X-Cardio Corp. KK, Japan
Keynote: J Clin Exp Cardiolog
Statement of the Problem: Several studies attempted to predict patientâ??s deterioration or progress using a combined score. However, since the combined score is just numeric value that combines many parameters, it does not provide the multidimensional health status or where to go from here, how to evaluate alternative treatments, etc. Medicine in general including cardiology, does not have one acceptable and explicit framework that defines the position of a patient in the cardiovascular health space, her/his target zone and paths (interventions) from the current position to the target. This makes it difficult to decide about the costs/benefits of each alternative treatment and even more to quantify effectiveness and visualize it in a way that both the doctor and the patient can understand it. According to this approach we use the BP pulse shape as indication to the cardiovascular status of the patient and create a continuous space spanned by its N dimensional features. Method: The theoretical framework we suggest is that of fuzzy sets, where each patient get different level of membership in different pathological and healthy conditions i.e. we view health and sickness in different diseases as a continuous space, where subjects do not fall into one category or another but are points in this continuous space. Their position defines their health condition in a certain moment in time and changes dynamically with the interventions. The methodology was to do a multicenter study, record the BP pulse wave continuously over long periods of time and in parallel use continuous or frequent BP measurements. In one clinical study in Fresenius Kidney Care, St. Louis the trial was done on 14 patients, each patient had 2-4 sessions and each session was about of 4 hours. PPG (Photoplethysmogram) has been recorded continuously by a watch with finger optical sensor probe and compared to CNAP continuous hemodynamic monitor. In another clinical study done in a Calcutta hospital for hypertensive and diabetic patients, we used the same watch for continuous recording of PPG and use ABPM (Ambulatory Blood Pressure Monitoring) every 15 minutes for 24 hours on hypertensive and diabetic patients. In a third center in Meir Hospital in Israel, recording with the same watch was done during stress tests, where each 2 minutes BP is measured and ECG is measured continuously. Also, cardiac output has been measured in the beginning and end using echocardiography. Using 2-4 light wavelengths allowed us also to interrogate the capillary bed at different penetration levels to estimate features related to the microcirculation. Findings: In all the three studies which provided tens of thousands BP measurements with simultaneous BP pulse shapes, we did fuzzy clustering algorithm we developed to cluster the pulse shapes in the N dimensional feature space and minimize dimensionality by looking for the smallest dimensionality space and its 2D projections. By doing it we discovered that different health conditions fell into different clusters. For example diabetics tended to fall into a cluster of their own, where the severity of the diabetic condition indicated the position between diabetic centroid and healthy subjects. Conclusion: The finding concluded that different health conditions can be defined by the BP pulse shape clustering generates a continuous health space, cluster centroids that represent various pulse.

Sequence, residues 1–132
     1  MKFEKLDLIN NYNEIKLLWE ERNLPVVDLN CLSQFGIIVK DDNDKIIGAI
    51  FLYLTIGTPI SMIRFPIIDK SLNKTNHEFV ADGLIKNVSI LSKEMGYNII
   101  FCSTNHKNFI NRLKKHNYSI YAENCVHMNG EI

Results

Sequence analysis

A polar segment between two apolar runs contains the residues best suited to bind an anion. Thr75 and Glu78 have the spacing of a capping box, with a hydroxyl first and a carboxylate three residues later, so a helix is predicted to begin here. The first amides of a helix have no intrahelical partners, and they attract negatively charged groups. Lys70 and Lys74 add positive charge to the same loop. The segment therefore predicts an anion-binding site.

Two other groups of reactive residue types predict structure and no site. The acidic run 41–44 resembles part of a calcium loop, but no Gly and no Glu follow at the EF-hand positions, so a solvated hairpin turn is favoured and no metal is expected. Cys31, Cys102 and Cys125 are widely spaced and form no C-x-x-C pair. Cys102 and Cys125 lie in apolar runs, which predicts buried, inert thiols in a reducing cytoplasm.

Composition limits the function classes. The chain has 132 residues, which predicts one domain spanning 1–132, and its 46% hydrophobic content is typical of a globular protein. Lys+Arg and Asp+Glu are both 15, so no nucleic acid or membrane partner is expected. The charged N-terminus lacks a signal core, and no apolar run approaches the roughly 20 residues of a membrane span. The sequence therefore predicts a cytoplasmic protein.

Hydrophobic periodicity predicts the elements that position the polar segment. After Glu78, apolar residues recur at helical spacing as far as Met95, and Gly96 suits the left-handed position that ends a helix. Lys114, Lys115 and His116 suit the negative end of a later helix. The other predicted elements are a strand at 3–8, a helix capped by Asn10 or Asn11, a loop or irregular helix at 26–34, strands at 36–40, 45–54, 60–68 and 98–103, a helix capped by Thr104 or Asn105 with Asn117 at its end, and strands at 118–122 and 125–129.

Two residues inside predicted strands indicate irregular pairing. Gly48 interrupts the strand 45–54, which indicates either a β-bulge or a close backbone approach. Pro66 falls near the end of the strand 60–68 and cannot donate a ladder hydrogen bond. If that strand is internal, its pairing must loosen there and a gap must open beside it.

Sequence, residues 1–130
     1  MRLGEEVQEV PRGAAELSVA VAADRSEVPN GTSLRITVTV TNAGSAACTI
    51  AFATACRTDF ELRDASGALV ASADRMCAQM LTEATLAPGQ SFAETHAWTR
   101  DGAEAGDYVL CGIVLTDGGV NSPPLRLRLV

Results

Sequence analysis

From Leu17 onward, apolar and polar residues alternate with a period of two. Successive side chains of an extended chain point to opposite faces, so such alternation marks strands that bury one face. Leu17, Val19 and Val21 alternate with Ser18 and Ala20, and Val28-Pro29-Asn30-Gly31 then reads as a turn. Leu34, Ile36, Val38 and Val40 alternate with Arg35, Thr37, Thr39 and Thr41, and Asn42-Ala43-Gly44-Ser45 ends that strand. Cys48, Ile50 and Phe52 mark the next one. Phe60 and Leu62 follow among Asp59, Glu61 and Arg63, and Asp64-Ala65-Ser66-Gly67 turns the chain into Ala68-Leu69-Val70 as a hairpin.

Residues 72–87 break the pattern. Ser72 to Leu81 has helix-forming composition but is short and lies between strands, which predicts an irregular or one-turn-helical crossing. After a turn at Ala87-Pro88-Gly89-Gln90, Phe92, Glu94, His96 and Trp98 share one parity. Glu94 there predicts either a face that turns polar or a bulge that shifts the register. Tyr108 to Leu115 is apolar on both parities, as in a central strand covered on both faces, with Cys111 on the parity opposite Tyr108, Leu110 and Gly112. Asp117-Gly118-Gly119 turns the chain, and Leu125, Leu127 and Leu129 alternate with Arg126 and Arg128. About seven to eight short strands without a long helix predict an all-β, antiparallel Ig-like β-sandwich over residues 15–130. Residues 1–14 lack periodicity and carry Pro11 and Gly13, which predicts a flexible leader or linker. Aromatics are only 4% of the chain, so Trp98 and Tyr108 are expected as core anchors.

Ehud Baron was the Professor and Researcher in Technion at Israel Institute of Technology, Aalborg University, UC Berkeley and Stanford University. He was also a serial entrepreneur who served as a Chairman, President/CTO in Medical device companies like X-Cardio Corp. KK, Tokyo, GoldTech Sino-HK, Concardio, Inc., Cleveland and Heart Beat Technologies, Ltd., Israel and JV with LifeQ, SA, US, NL. He was also the Interventional Cardiologist at SHLV, St. Louis and Inventor of bifurcation stent that has 30 patents to his name. He serves as an Assistant Professor of Clinical Medicine in the Department of Medicine at Washington University School of Medicine.